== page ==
The European Commission will examine on Wednesday whether to open proceedings against France over its policy of deporting Roma, after a report presented by Justice Commissioner Viviane Reding (pictured) called for legal action against Paris.
AFP - France is likely to be placed in the dock for breaching EU freedom of movement rules Wednesday over its controversial Roma crackdown, but is less likely to face charges of discrimination.
After an open spat with Paris and weeks of bickering, the European Commission on Wednesday meets behind closed doors to consider whether to open two separate proceedings against France, a decision that may or may not be made public the same day.
"There is a general feeling that we should to stick to the facts and calm the matter down," said an EU official.
"If the commission starts a row with France for discrimination and it loses at the European Court of Justice, it will kill its future capacity to act," said another un-named source.
Under review will be a report presented by justice chief Viviane Reding, who 10 days ago said she was "appalled" by France's removal of Roma Gypsies and called for legal action against President Nicolas Sarkozy's government.
France triggered a wave of criticism after Sarkozy ordered a clampdown against illegal traveller camps in July and deported more than 1,700 Roma.
Speaking ahead of Wednesday's meeting of the 27 commissioners, official sources told AFP on condition of anonymity that Reding would need a legally water-tight case to persuade colleagues to formally accuse France of discrinination.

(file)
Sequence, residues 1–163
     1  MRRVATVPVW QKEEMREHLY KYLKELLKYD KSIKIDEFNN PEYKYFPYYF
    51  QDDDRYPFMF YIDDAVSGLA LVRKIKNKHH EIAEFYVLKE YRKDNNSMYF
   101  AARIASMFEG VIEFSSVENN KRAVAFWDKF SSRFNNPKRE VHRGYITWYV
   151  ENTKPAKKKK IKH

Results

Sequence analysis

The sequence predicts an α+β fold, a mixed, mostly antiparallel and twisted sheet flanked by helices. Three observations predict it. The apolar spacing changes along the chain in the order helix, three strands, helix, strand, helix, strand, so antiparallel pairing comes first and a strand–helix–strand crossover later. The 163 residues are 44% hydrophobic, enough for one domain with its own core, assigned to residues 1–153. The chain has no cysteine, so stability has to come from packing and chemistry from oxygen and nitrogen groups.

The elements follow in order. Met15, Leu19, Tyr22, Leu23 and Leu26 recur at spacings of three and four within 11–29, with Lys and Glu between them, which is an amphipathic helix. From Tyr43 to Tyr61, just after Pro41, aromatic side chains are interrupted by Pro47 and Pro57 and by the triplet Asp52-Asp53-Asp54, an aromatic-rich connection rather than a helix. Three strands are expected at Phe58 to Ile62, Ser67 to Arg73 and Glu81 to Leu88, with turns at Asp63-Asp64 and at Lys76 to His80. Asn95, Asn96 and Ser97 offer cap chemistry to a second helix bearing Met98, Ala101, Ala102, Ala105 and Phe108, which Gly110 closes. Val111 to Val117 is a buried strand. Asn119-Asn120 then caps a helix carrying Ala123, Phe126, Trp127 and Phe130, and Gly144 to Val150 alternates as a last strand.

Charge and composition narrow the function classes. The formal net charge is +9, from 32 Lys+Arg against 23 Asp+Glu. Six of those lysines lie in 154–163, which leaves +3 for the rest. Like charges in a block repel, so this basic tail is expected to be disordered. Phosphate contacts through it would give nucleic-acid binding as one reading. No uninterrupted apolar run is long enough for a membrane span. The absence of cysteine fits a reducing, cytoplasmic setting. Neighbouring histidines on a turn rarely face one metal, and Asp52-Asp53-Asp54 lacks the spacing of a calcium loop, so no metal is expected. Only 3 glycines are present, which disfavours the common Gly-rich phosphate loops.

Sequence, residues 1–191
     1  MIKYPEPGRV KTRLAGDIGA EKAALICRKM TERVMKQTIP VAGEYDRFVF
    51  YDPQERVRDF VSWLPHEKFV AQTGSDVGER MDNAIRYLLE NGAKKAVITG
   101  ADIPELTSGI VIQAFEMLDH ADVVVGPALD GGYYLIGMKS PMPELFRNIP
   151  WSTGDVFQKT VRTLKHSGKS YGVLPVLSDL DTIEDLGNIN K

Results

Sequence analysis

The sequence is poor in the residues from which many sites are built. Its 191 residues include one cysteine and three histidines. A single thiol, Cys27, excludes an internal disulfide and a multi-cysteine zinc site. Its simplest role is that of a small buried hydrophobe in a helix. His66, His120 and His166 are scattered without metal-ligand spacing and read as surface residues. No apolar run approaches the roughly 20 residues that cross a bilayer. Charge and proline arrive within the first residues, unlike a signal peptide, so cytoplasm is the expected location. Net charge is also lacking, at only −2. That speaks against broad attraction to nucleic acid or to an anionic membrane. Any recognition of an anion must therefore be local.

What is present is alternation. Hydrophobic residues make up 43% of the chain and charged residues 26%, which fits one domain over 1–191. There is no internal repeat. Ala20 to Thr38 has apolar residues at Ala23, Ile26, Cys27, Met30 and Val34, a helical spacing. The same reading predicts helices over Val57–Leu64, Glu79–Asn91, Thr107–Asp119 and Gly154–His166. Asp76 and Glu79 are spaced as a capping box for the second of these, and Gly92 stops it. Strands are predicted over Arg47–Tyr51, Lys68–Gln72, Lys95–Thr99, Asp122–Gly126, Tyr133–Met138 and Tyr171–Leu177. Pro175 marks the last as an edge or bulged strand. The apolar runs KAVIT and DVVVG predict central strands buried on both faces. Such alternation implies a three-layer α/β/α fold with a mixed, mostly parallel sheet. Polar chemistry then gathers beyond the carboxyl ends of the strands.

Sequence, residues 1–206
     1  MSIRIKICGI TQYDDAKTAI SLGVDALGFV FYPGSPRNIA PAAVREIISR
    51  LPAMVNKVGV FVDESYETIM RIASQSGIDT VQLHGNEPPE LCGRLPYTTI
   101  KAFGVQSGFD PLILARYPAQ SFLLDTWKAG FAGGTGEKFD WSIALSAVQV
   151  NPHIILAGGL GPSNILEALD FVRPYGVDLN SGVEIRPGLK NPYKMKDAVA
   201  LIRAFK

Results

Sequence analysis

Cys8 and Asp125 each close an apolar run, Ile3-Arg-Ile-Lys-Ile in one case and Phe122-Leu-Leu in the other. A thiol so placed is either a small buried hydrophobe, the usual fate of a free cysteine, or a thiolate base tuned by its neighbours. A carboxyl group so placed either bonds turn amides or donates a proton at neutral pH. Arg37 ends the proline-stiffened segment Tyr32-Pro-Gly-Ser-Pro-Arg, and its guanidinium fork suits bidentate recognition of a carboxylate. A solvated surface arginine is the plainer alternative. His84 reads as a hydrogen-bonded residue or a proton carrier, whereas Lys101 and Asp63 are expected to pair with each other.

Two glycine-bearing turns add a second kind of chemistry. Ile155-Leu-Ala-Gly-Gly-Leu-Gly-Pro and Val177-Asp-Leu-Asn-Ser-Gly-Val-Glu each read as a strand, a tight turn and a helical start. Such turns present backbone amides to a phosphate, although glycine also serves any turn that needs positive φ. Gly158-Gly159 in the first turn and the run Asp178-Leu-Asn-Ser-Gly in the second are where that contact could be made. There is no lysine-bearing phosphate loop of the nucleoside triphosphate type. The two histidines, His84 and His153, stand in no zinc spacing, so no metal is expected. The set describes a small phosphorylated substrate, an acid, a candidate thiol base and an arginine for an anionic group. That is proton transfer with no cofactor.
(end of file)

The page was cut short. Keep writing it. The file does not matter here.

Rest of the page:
That would be a violation of the European charter on fundamental rights, and charges of infringing that document would be a first in the 27-nation bloc.
But commissioners are divided on a question which has become a hot political potato.
A separate charge of snagging EU rules on free movement is more likely, with France expected to be among a number of countries accused of failing to write in EU rules on movement into national law.
The European Commission's decision will be based on an analysis by its legal experts of whether French actions were discriminatory or not.
How Sarkozy's 'summer crackdown' came to this
In the document seen by AFP, France states that "the aim and effect of the August 5 memo was not to create any discrimination whatsoever, contrary to the fear you have expressed."
It says that this is because most of the camps dismantled by police were inhabited by French national travellers, not Romanian nor Bulgarian Roma Gypsies.
The note in question, signed by Interior Minister Brice Hortefeux's chief of staff Michel Bart, was sent to police chiefs to outline "specific objectives".
"Three hundred camps or illegal settlements must be cleared within three months, Roma camps are a priority," it said.
It was after the memo was leaked to the media that Reding threatened France with legal action.
Date created : 2010-09-29